When my youngest son was in fifth grade at a Christian school, he surprised me one day with this request: “Mom, my teacher has started having the kids do morning devotions. She said we could do them ourselves or get our parents to come and do the devotions. So, I signed you up for tomorrow. I told my class that you would teach us all about Revelation. We are reading it right now, so I told my class you had studied it in your Bible study and you know everything!”
Wow, what a task!
The next morning, I would be expected to teach a class of fifth graders “everything” about the book of Revelation — in the span of twenty minutes. And I had less than twenty-four hours to prepare. The very idea made me laugh and still makes me laugh today. How does a mother fulfill such a request? Here’s what I did.
First, I explained that Revelation is the hardest book in the Bible to understand. I also told the class that actually no one knows for sure what everything in Revelation means. Great Christian scholars throughout history have studied it and held differing opinions.
Nevertheless, I had studied the book for two years through an in-depth Bible study, and I did have some understanding, but it would take too long to explain it all. So instead, I was going to give them a demonstration of how a person goes about studying parts of the Bible that are hard to understand.
I explained that, when we’re confused about a passage in the Bible, the place to go for answers is other scriptures. I told them it is okay, and even helpful, to see what their friends and teachers think, but what really matters is what God says. God’s thoughts are recorded in the Scriptures. The Bible is His Word, so the best thing to do when trying to figure out what God means is to read more of His words.
Then I gave the children a little exercise. I told them Revelation is like the huge puzzle my family works on every summer during vacation. But when my family works one, we have a box with a picture on it so we can see what the puzzle is supposed to look like. However, when trying to figure out Revelation, we don’t have a picture to look at, making it a difficult task. Still, some of the puzzle pieces can be figured out.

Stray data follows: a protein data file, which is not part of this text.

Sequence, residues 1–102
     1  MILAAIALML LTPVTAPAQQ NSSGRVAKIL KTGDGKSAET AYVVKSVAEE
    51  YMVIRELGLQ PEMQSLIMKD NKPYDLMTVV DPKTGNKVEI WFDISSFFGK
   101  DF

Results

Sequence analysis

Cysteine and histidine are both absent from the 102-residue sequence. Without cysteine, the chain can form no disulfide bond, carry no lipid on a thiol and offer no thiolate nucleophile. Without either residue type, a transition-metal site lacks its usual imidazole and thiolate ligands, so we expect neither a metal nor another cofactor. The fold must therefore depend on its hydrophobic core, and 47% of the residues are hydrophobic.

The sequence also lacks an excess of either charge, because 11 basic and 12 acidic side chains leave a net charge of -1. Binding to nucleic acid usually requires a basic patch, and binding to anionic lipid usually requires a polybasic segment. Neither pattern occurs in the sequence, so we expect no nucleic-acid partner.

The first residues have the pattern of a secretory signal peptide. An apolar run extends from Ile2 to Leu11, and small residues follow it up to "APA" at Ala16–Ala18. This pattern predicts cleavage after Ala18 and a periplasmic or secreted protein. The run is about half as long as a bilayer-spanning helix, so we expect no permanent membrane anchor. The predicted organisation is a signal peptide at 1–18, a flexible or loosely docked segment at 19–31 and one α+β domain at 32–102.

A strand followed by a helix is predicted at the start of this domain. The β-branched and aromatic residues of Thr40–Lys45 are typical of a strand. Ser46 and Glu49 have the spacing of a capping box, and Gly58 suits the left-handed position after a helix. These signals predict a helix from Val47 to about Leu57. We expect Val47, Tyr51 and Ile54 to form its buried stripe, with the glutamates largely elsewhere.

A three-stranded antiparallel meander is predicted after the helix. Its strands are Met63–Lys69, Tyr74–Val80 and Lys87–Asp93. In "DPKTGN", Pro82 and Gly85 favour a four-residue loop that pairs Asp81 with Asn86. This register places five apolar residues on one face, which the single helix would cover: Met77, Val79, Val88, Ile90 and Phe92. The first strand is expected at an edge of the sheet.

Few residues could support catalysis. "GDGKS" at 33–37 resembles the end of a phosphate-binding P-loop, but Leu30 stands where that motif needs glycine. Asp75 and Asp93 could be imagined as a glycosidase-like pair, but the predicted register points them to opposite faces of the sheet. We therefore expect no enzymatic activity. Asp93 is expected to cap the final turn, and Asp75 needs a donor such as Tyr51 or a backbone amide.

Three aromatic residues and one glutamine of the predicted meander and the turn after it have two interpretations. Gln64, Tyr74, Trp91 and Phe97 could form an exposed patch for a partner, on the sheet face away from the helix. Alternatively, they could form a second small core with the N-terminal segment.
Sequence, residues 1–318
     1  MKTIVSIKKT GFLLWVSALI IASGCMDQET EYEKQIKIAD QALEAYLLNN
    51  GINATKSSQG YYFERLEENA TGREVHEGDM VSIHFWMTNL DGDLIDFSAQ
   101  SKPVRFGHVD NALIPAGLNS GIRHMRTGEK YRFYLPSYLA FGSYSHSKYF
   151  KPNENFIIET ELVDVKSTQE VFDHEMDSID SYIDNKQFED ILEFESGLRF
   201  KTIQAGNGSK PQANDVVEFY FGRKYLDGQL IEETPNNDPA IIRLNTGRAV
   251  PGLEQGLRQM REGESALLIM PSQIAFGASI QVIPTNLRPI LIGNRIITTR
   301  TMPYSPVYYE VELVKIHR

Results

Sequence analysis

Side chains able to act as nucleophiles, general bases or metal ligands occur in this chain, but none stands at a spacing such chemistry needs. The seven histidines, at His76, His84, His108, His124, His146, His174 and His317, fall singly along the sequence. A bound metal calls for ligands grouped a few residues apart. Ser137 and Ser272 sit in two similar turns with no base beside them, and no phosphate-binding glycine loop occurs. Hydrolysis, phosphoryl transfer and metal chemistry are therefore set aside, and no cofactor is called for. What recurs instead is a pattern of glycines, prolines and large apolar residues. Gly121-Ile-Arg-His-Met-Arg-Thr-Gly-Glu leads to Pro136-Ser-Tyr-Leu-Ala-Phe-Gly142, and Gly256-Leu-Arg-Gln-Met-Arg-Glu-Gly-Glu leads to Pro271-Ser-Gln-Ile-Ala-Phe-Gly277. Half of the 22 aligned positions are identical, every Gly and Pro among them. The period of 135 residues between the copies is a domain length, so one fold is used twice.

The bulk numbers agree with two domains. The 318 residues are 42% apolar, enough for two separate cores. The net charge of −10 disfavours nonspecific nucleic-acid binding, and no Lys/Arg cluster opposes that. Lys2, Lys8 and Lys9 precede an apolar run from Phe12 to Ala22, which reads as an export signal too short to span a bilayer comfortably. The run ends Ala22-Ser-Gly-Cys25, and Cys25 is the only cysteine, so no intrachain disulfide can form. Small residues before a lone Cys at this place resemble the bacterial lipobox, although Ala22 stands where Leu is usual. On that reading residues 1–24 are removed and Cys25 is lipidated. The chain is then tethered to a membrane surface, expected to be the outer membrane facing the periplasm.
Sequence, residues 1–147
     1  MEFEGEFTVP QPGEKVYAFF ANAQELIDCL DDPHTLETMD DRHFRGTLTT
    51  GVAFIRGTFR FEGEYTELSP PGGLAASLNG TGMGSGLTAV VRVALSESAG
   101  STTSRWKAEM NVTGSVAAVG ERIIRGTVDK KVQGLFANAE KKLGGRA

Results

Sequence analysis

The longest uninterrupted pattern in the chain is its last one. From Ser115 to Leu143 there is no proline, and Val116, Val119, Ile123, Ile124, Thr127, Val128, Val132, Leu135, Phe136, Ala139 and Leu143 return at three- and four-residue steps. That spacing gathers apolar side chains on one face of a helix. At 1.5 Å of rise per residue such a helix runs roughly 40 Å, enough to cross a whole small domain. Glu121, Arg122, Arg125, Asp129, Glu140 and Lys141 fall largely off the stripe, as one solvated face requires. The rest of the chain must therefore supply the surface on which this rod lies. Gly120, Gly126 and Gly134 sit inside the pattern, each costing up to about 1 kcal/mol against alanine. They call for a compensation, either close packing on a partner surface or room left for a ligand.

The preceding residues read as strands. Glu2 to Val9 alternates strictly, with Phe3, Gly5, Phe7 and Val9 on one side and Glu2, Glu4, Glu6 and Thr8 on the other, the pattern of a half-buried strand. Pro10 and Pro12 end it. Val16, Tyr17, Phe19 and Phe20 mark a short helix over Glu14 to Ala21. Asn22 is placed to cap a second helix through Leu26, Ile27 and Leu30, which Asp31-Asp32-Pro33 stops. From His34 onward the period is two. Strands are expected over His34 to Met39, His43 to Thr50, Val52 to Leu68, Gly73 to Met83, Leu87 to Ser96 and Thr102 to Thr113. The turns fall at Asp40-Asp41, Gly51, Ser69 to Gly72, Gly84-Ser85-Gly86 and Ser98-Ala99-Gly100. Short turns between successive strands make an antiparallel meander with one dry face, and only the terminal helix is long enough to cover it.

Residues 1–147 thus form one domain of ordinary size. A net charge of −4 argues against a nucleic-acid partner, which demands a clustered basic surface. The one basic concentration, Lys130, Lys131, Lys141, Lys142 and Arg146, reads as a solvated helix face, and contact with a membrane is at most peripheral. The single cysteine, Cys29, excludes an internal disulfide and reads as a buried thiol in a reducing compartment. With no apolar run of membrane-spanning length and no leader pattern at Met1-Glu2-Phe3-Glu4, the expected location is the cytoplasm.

I told the class we would solve a tiny piece of the puzzle in class that day so they could see how it is done. I had my son read Revelation 1:16: “In His right hand He held seven stars, and out of His mouth came a sharp two-edged sword.” I explained that the person described in this verse is Jesus. We talked a little about whether the sword coming out of His mouth is a real sword or a symbolic one. I explained the terms tangible and intangible. By a show of hands, about half the class thought the sword is tangible, and the other half thought it is intangible.
Then, after reminding them that the place to look to understand Scripture was other Scripture, I had my son read Hebrews 4:12: “For the word of God is living and active and sharper than any two-edged sword. . . .” I asked them how they would identify the sword coming out of Jesus’ mouth. One of the kids raised her hand and said she thought it is the Word of God. I agreed. Then I asked again if the sword described in Revelation 1:16 is tangible or intangible. They all agreed it is intangible.
Next I had my son read Revelation 2:16: “Therefore repent; or else I am coming to you quickly, and I will make war against them with the sword of My mouth.” And Revelation 19:15: “From His mouth comes a sharp sword, so that with it He may strike down the nations. . . .” I asked the class one more time if this sword is tangible or intangible. They were stumped! It did “smite the nations,” after all!
So I explained the terms finite and infinite and the fact that our knowledge is finite, or limited, but God’s is infinite, or without limits. I concluded by saying that even though we have trouble understanding this, God doesn’t. What we can say for certain is that the two-edged sword coming out of Jesus’ mouth is the Word of God. Yet it is somehow also a powerful weapon — so powerful, in fact, that it can smite the nations.
I don’t know about the kids, but the experience that day was loads of fun for me. More than that, it was a challenge. I certainly don’t know everything about Revelation, but, like those fifth graders, I’m learning.